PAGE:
During the reign of my father, the ministers of religion and students of law and literature, to the number of two and three thousand, in the principal cities of the empire, were already allowed pensions from the state; and to these, in conformity with the regulations established by my father, I directed Miran Sadr Jahan (spelling normalised) one of the noblest among the Seyeds of Herat, to allot a subsistence corresponding with their situation; and this is not only to the subjects of my own realms, but to foreigners - to natives of Persia, Roum, Bokhara, and Azerbaijan, with strict charge that this class of men should not be permitted either want or inconvenience of any type.
Tarikh-i-Salim Shahi, p. 16. quoted from Lal, K. S. (1999). Theory and practice of Muslim state in India. New Delhi: Aditya Prakashan. Chapter 5
Jahangir, when a prince, at one time intended demolishing some of the Hindu temples at Banaras but desisted there from on Man Singh's intervention. In his reign conversions to Islam were encouraged, conversions back from Islam to Hinduism were punished. When he visited Kangra, he celebrated the Muslim occupation of the fort by desecrating its famous temple. At Pushkar he broke the image of Varaha and a bull was sacrificed to signify the victory of Islam over idolatry.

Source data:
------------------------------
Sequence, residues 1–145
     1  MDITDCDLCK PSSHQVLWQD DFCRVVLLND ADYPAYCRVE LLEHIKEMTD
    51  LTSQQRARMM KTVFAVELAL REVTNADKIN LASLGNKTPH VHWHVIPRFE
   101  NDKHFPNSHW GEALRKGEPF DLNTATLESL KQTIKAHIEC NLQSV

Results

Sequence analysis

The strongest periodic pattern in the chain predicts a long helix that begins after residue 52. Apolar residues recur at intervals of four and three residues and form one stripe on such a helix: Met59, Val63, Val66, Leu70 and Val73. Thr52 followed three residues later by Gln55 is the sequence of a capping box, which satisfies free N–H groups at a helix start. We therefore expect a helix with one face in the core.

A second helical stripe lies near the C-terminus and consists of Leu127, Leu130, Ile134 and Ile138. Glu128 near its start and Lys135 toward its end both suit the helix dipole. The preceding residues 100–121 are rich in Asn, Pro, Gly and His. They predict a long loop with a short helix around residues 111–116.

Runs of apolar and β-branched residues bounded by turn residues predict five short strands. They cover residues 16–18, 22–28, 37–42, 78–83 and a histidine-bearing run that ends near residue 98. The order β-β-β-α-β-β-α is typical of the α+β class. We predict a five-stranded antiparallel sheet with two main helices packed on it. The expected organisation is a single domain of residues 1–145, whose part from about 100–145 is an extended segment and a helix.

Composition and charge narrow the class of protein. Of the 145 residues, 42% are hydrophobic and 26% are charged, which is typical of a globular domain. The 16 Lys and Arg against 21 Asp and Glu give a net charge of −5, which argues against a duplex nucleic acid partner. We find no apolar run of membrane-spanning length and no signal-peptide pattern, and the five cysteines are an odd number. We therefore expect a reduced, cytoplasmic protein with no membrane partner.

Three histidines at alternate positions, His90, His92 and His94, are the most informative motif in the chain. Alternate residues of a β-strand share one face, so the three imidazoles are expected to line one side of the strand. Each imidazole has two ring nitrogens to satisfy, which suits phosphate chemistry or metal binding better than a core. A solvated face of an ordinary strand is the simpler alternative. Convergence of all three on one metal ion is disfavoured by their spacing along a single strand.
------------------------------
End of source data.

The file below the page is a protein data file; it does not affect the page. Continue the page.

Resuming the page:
Lal, K. S. (1999). Theory and practice of Muslim state in India. New Delhi: Aditya Prakashan. Chapter 2
Both Akbar and Jahangir sent to the religious men of Persia, Rum and Azarbaijan subsistence allowance on the principle: "Wealth is from God... and these are his servants", be they in Hindustan or any other Muslim country.169
Lal, K. S. (1999). Theory and practice of Muslim state in India. New Delhi: Aditya Prakashan. Chapter 5